We started with French Breakfast radishes, a wide assortment of heirloom tomato plants, edible flower transplants (calendula, nasturtium, borage), herb plants, and some beautiful Festiva Maxima Peony cut flower bunches. We will soon have Cascadia sugar snap peas and heirloom tomatoes.
Please come see us if you are local to these markets. If not, please go find a local farmers’ market where ever you live. Buy and eat great food, and learn more about naturally and sustainably grown food. Enjoy getting to know your local farmer. While Al is always so serious, Linda is really funny.
Buying local. Eating local. Sourcing local. Supporting local. Good Neighbors. Common catch-phrases, but this year Linda and I have learned how much our local community has to offer. We are committed to the idea of natural sustainability, so we have done a lot of reading from the likes of Eliot Coleman, Rodale and other nationally recognized experts on organic practices. We are also realizing the incredible resources available locally.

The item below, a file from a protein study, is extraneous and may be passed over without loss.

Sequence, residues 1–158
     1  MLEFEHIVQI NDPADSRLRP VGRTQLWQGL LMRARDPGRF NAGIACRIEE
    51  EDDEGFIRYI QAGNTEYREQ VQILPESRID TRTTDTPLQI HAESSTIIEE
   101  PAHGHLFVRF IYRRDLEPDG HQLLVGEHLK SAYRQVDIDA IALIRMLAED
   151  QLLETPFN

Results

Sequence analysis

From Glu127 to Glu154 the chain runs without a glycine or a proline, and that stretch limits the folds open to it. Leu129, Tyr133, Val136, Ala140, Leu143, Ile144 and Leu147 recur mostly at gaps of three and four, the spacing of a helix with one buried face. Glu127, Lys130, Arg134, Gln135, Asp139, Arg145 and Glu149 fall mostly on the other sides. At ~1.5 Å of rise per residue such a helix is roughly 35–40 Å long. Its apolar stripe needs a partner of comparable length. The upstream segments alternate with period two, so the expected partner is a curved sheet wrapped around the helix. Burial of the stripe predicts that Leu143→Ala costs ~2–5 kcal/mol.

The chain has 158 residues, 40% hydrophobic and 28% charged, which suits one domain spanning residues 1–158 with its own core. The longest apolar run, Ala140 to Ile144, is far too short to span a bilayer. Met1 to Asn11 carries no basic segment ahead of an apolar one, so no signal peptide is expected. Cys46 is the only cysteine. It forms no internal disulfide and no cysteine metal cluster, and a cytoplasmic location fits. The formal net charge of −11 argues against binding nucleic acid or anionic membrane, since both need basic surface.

Our Forsyth County NC Agricultural Extension Agent, Mary-Jac Brennan, is fabulous. There is a wealth of knowledge and experience available from NC State University, growingsmallfarms.ces.ncsu.edu, and CFSA, the Carolina Farm Stewardship Association, carolinafarmstewards.org. Always around for good advice and information are neighbor farmers and friends like Kevin Frack at TerraSol Farms, terrasolfarms.com. While Eliot Coleman’s book, The New Organic Grower, is a must read so is Vegetable Gardening in the SouthEast by regional expert Ira Wallace, a gardener and part of the Southern Exposure Seed Exchange. It is a valuable seeding, planning and harvesting guide specific to our area. Of course, it was Kevin Frack who recommended the book. We went to Slow Food Piedmont’s Annual Seed Swap at the end of January and learned about several local vegetable varieties.
One of my goals for 2015 is to look closer to home for the expertise and advice I need first. Yesterday I was describing to a new neighbor, Wade, that I was going to have to learn how to keep deer out of our fields this coming season. Wade mentioned prior to retiring he was a professional fencing contractor. He described the type of fence that would be the most effective, told me where to find it, and like a good neighbor, offered to help us with it. Most often what makes a place a haven, is the people around us. We love this haven.